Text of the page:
Records are meant to be broken. This applies to all professional sports, as fans relish a player’s quest to make his mark in the record books. Before the dawn of League Pass or YouTube or televised games, fans could learn of a player’s dominance and value from the record books.
In the NBA, there is no one more dominant in the record books than Wilt Chamberlain, who not only holds 72 different NBA records, but also holds multiple records (second and third best etc.) within different statistical categories.
Fans are obsessed with records, particularly in the NBA. Below, we break down the ten most unbreakable records that have been set in professional basketball.
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Consecutive Wins (33)
In the 1971-72 NBA season, the Los Angeles Lakers not only made history, but also set arguably the most unbreakable record in all of professional sports, let alone the NBA. A team led by Coach Bill Sharman, Jerry West, Wilt Chamberlain, and Gail Goodrich won 33-streak games starting on November 5, 1971, and ending on January 9, 1972 with a loss against Lew Alcindor and the Milwaukee Bucks.
What sets this particular record apart is when you actually break down the specifics of the Lakers’ 33 wins. For example, the ’71-72 Lakers outscored their opponents by 16 points during the streak, beating 23 of the 33 opponents by double-digits, and outscoring opponents by at least 20 points eight separate times. Additionally, the Lakers that year played in four separate back-to-back-to-back game sets during their streak and started their 33 straight wins by playing 8 games in 10 days.
Last season, the Miami Heat were a threat to break the Lakers’ 33 consecutive wins record by going on a 27-game win streak. The 2012-13 Heat passed the New York Giants’ (baseball) streak of 26 consecutive wins in 1916. The Heat hold the second-longest streak of consecutive wins in a team sport, and they were still 6 shy of the indomitable 1971-72 Lakers.
Most points scored in a game (100)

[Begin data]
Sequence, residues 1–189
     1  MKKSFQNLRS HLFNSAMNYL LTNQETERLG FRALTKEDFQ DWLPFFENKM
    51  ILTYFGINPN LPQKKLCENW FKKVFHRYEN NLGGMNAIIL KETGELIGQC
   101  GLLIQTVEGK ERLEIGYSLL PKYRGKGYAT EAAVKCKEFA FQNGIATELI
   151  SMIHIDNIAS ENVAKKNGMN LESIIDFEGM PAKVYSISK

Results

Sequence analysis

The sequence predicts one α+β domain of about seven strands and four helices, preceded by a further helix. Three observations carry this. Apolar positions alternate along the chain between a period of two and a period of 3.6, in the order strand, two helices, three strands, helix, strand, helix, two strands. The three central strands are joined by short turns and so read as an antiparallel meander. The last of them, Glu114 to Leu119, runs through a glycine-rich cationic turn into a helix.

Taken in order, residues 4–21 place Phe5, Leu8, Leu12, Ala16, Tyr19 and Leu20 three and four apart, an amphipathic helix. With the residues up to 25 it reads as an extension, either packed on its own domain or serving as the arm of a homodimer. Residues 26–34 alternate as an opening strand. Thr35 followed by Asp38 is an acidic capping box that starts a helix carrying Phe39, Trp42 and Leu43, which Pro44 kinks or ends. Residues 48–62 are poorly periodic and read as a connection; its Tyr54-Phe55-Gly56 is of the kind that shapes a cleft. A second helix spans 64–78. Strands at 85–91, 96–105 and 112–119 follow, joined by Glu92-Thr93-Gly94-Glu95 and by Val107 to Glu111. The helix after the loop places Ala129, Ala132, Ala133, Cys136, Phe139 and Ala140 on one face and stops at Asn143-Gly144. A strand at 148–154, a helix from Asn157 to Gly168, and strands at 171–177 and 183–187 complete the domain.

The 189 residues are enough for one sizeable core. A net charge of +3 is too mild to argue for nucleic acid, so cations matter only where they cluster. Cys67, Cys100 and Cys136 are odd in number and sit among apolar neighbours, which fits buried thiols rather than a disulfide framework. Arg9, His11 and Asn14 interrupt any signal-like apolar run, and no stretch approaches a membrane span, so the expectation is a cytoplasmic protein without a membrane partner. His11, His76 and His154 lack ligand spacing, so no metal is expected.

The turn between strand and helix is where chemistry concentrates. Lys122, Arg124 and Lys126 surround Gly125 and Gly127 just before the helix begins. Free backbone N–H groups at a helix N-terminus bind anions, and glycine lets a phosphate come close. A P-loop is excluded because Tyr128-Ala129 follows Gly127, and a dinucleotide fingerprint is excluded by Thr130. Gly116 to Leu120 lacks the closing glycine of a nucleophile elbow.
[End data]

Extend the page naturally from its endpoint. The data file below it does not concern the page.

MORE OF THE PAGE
On March 2, 1962, the Philadelphia Warriors’ Wilt Chamberlain set the still standing single-game record for points by posting 100 against the New York Knicks in a 169-147 win at Hershey Sports Arena in Hershey, Pennsylvania. Kobe Bryant has been the only player to get close to Chamberlain’s 100-point record by scoring 81 points in 2006 — itself a mind-numbing total for a contemporary player.
Chamberlain had already broken the record for most points scored in a single game (then 71) by scoring 78 points in December of 1961. There is no video footage of Chamberlain’s 100 point game, and no major press outlets were in attendance on that historical night in Pennsylvania. There are only audio recordings from the fourth quarter and the stories from witnesses of “The Big Dipper’s” performance, which only adds to the legend of the record-setting game.
Most championships (11)
When it is often said that championships are all that matter, the man with more rings than can fit on each finger is often overlooked. Bill Russell played in the NBA for 13 seasons and only failed to capture a ring in two of those seasons (1958 and 1967). In ’58, he was injured during the Celtics’ loss to Bob Petit’s Hawks, and in 1967, it was his first season as a player/coach after Red Auerbach retired to the front office. After losing in ’67 to Wilt, Russell came back to defeat him two more times as player/coach before retiring following the 1969 season.
Russell won eight consecutive championships (1959-66) with the Boston Celtics. In fact, the top eight players with the most NBA championships in league history all played during Russell’s reign in Boston. He is the epitome of a winner.
Best record (72-10 1995-96 Chicago Bulls)
In the first full season after returning from an unexpected retirement, Michael Jordan led the Chicago Bulls to the most dominant team performance of all time in the 1994-95 season, finishing the regular season with a 72-10 record.
That Bulls team, featuring Jordan, Scottie Pippen, and Dennis Rodman was also surrounded by by important role players like Ron Harper, Luc Longley, Toni Kukoc, and Steve Kerr. They started the season with a 41-3 record. Under arguably the most successful system of all time, Phil Jackson and Tex Winter’s Triangle Offense, the Bulls beat the record for most wins in a season, held by the 1971-72 Lakers (69-13). The Bulls went on to win the 1995 Finals, ending the season (including the postseason) winning 87 out of 100 games.
Highest points per game average (50.4)
In the 1961-62 season, Wilt Chamberlain broke his own record (38.4) for the highest scoring average for a season by averaging 50.4 PPG over 80 games with the Philadelphia Warriors. It’s a headline achievement in today’s NBA to score 50 points in a single game. Just imagine if that was your favorite player’s average now!
Chamberlain once again dominates this record, owning five of the top 10 highest single season scoring averages. Michael Jordan owns two of these records, averaging 37.1 points per game in 1986-87 (6th highest) and 35.0 PPG in 1987-88 (10th highest). The only active NBA player to crack the top ten in this particular category is Kobe Bryant, who averaged 35.4 PPG in the 2005-06 season — when he played alongside Smush Parker in the backcourt.